Mesenteric Panniculitis – Definition, Symptoms, Causes, Treatment



What is Mesenteric Panniculitis?

Panniculitis refer to the inflammation of the fatty deposits or adipose tissue that can be seen most particularly in the abdominal area. Mesenteric Panniculitis is a rare inflammatory disease that affects the subcutaneous adipose tissue of the mesentery or the small bowel area that is characterized by blockage to the small intestine. It was first referred to as retractile mesentery by Jura in 1024 and was renamed as mesenteric panniculitis by Odgen in 1960.

There have been so many terms being used to refer to the disease, but today it was classified into one disease of two categories; the mesenteric panniculitis and retractile mesentiritis. It is known as mesenteric panniculitis if the inflammation and fat necrosis is more than the fibrosis, whereas retractile mesentiritis if fibrosis dominates.

Also, another distinguishing characteristic of mesenteric panniculitis if the presence of mesenteric lipodystrophy by fat necrosis, chronic inflammation and retractile mesenteritis by fibrosis.

There is a higher of incidence report in middle aged males compared to females, and it is common in Caucasian males. Studies also show that as person ages, the risk to have possibly had the disease also increases. On the contrary, there is no incidence yet reported on the occurrence of the disease to pediatric patients, maybe because they have less fats, which is the major contributing factor of the disease, as compared to adults.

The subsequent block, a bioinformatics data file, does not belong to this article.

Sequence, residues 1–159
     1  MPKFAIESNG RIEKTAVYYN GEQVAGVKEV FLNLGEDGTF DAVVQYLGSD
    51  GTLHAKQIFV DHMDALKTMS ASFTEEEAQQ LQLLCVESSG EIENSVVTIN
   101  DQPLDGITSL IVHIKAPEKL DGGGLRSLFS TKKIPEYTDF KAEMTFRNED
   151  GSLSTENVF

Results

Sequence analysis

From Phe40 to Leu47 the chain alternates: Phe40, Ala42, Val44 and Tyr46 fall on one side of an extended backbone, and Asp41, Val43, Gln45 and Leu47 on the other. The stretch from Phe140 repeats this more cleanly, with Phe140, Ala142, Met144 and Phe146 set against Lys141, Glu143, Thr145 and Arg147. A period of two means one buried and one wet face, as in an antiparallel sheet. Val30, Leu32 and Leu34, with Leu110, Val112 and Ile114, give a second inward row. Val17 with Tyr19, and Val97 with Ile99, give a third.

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Ct Scan Imaging to depict presence of Mesenteric Panniculitis

Symptoms and Signs

Because it affects most on the abdominal area, the symptoms are also related to the affected system and may last for some time or even more than a year. Although it appears to be showing no symptoms at all, its manifestation differs between individuals and cases. The disease may present symptoms such as:

  • Abdominal pain of varying intensity
  • Loss of appetite
  • Back pain
  • Nausea
  • Fever
  • Weight loss
  • Abdominal fullness
  • Palpable abdominal mass
  • Constipation or diarrhea
  • Passage of blood in the rectum

In some instances, the patient may not show any physical manifestation unless with the aid of some diagnostic assessment. Other patient also report to experience to have jaundice, acute abdomen and abdominal obstructions. With the different manifestation of the disease will also entail several illnesses that have to be taken into consideration.